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Limiting the Scope of the KEY Resource Record (RR)
RFC 3445

Document type: RFC - Proposed Standard (December 2002; Errata)
Obsoleted by RFC 4033, RFC 4035, RFC 4034
Updates RFC 2535
Document stream: IETF
Last updated: 2013-03-02
Other versions: plain text, pdf, html

IETF State: (None)
Consensus: Unknown
Document shepherd: No shepherd assigned

IESG State: RFC 3445 (Proposed Standard)
Responsible AD: Erik Nordmark
IESG Note: appears
Send notices to: <ogud@ogud.com>, <okolkman@ripe.net>

Network Working Group                                          D. Massey
Request for Comments: 3445                                       USC/ISI
Updates: 2535                                                    S. Rose
Category: Standards Track                                           NIST
                                                           December 2002

           Limiting the Scope of the KEY Resource Record (RR)

Status of this Memo

   This document specifies an Internet standards track protocol for the
   Internet community, and requests discussion and suggestions for
   improvements.  Please refer to the current edition of the "Internet
   Official Protocol Standards" (STD 1) for the standardization state
   and status of this protocol.  Distribution of this memo is unlimited.

Copyright Notice

   Copyright (C) The Internet Society (2002).  All Rights Reserved.

Abstract

   This document limits the Domain Name System (DNS) KEY Resource Record
   (RR) to only keys used by the Domain Name System Security Extensions
   (DNSSEC).  The original KEY RR used sub-typing to store both DNSSEC
   keys and arbitrary application keys.  Storing both DNSSEC and
   application keys with the same record type is a mistake.  This
   document removes application keys from the KEY record by redefining
   the Protocol Octet field in the KEY RR Data.  As a result of removing
   application keys, all but one of the flags in the KEY record become
   unnecessary and are redefined.  Three existing application key sub-
   types are changed to reserved, but the format of the KEY record is
   not changed.  This document updates RFC 2535.

1. Introduction

   This document limits the scope of the KEY Resource Record (RR).  The
   KEY RR was defined in [3] and used resource record sub-typing to hold
   arbitrary public keys such as Email, IPSEC, DNSSEC, and TLS keys.
   This document eliminates the existing Email, IPSEC, and TLS sub-types
   and prohibits the introduction of new sub-types.  DNSSEC will be the
   only allowable sub-type for the KEY RR (hence sub-typing is
   essentially eliminated) and all but one of the KEY RR flags are also
   eliminated.

Massey & Rose               Standards Track                     [Page 1]
RFC 3445         Limiting the KEY Resource Record (RR)     December 2002

   Section 2 presents the motivation for restricting the KEY record and
   Section 3 defines the revised KEY RR.  Sections 4 and 5 summarize the
   changes from RFC 2535 and discuss backwards compatibility.  It is
   important to note that this document restricts the use of the KEY RR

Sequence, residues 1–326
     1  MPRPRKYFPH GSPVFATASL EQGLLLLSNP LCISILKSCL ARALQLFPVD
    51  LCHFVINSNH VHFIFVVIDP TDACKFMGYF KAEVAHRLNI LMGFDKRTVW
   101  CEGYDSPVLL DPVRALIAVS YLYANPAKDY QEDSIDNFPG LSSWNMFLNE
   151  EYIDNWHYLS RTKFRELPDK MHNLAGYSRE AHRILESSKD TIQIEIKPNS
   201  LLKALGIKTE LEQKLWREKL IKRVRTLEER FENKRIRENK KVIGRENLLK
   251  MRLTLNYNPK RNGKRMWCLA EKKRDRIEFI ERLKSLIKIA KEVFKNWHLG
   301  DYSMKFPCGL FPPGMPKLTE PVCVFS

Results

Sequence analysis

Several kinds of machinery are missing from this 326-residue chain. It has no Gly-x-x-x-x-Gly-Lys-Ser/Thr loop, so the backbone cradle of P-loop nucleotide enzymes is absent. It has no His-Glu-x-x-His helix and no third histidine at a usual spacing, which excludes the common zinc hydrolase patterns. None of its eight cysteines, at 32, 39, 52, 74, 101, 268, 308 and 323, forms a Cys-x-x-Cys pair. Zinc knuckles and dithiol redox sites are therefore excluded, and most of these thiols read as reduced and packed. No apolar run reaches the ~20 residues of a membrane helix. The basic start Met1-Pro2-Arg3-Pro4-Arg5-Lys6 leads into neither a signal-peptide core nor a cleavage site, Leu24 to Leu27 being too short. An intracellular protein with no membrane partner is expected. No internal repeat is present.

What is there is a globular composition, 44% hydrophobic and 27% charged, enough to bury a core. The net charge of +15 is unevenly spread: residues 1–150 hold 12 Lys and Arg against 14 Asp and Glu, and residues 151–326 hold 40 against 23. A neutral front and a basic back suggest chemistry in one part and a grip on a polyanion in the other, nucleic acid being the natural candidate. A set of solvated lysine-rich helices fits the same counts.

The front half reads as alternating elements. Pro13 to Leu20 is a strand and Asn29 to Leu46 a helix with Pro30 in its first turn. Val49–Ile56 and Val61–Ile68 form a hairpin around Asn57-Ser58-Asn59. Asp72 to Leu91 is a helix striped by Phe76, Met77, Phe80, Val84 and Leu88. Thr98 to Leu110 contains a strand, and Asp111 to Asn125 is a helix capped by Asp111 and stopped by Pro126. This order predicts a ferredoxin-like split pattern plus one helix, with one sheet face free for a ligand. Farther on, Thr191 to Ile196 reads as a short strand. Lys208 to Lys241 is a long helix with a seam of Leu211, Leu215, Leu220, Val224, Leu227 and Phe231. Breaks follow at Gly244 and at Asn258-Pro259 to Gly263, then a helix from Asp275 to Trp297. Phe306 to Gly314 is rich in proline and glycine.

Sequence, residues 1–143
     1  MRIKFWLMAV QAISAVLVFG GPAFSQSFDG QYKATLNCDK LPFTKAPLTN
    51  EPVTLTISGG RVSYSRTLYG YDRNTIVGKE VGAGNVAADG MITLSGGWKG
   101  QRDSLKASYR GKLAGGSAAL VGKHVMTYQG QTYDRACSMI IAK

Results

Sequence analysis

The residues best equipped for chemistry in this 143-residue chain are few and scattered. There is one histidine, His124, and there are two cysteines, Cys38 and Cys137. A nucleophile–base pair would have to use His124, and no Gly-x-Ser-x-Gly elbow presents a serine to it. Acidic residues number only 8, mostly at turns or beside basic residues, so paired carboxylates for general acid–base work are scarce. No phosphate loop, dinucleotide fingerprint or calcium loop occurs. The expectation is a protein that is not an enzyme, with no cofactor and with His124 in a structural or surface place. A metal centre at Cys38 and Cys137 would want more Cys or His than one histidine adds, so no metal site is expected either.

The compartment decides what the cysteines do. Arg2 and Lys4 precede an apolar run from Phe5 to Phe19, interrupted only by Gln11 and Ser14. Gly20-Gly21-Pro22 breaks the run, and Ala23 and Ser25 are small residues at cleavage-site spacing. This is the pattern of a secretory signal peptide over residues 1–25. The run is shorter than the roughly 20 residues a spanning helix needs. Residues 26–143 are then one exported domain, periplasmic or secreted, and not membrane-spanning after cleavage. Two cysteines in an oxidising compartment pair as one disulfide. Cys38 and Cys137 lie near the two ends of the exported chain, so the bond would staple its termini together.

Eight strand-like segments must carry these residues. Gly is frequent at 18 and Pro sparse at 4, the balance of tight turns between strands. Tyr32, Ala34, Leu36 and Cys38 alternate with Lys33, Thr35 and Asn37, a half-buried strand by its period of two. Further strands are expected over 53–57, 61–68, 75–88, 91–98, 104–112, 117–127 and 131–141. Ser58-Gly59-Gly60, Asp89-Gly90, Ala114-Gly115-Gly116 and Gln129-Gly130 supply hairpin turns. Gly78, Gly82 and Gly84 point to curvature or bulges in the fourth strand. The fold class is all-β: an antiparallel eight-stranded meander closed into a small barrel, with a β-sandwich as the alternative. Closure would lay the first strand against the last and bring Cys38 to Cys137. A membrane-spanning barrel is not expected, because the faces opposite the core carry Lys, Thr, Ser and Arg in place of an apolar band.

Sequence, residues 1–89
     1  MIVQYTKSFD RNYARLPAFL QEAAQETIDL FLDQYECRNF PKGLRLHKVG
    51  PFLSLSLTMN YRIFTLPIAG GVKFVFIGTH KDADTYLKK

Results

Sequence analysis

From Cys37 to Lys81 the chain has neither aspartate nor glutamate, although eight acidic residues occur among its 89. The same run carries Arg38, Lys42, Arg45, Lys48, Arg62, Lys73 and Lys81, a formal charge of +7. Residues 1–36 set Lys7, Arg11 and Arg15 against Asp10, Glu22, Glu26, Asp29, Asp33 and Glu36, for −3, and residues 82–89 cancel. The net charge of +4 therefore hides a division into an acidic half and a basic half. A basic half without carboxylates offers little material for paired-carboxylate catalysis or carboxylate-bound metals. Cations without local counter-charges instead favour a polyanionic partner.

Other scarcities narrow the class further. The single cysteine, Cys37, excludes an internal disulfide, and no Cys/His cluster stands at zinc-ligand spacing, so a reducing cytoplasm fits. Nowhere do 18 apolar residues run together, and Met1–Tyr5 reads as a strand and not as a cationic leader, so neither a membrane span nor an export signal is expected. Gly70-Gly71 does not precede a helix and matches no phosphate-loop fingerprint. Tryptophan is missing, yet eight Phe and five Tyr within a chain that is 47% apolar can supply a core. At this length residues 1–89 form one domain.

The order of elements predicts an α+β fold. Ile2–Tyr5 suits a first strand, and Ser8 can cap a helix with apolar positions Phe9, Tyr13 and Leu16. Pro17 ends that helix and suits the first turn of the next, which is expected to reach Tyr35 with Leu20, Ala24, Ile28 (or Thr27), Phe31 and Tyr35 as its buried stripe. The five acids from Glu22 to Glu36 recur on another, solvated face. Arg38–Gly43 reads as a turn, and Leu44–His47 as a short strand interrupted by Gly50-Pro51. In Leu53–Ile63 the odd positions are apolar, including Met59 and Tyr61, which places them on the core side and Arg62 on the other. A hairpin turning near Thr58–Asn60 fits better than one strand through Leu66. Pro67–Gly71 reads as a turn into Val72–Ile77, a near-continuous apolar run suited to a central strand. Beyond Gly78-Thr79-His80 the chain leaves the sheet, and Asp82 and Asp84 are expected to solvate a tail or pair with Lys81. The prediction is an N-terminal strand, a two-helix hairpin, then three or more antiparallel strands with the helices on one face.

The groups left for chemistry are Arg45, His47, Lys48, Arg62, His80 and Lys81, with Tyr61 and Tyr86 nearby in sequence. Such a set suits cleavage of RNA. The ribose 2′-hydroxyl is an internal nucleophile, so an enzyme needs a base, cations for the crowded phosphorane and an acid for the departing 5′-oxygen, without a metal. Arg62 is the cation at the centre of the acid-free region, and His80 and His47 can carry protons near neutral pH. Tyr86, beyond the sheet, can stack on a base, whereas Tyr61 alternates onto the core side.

and simplifies the flags, but does not change the definition or use
   of DNSSEC keys.

   The key words "MUST", "MUST NOT", "REQUIRED", "SHALL", "SHALL NOT",
   "SHOULD", "SHOULD NOT", "RECOMMENDED", "MAY", and "OPTIONAL" in this
   document are to be interpreted as described in RFC 2119 [1].

2. Motivation for Restricting the KEY RR

   The KEY RR RDATA [3] consists of Flags, a Protocol Octet, an
   Algorithm type, and a Public Key.  The Protocol Octet identifies the
   KEY RR sub-type.  DNSSEC public keys are stored in the KEY RR using a
   Protocol Octet value of 3.  Email, IPSEC, and TLS keys were also
   stored in the KEY RR and used Protocol Octet values of 1,2, and 4
   (respectively).  Protocol Octet values 5-254 were available for
   assignment by IANA and values were requested (but not assigned) for
   applications such as SSH.

   Any use of sub-typing has inherent limitations.  A resolver can not
   specify the desired sub-type in a DNS query and most DNS operations
   apply only to resource records sets.  For example, a resolver can not
   directly request the DNSSEC subtype KEY RRs.  Instead, the resolver
   has to request all KEY RRs associated with a DNS name and then search
   the set for the desired DNSSEC sub-type.  DNSSEC signatures also
   apply to the set of all KEY RRs associated with the DNS name,
   regardless of sub-type.

   In the case of the KEY RR, the inherent sub-type limitations are
   exacerbated since the sub-type is used to distinguish between DNSSEC
   keys and application keys.  DNSSEC keys and application keys differ
   in virtually every respect and Section 2.1 discusses these
   differences in more detail.  Combining these very different types of
   keys into a single sub-typed resource record adds unnecessary
   complexity and increases the potential for implementation and
   deployment errors.  Limited experimental deployment has shown that
   application keys stored in KEY RRs are problematic.

   This document addresses these issues by removing all application keys
   from the KEY RR.  Note that the scope of this document is strictly

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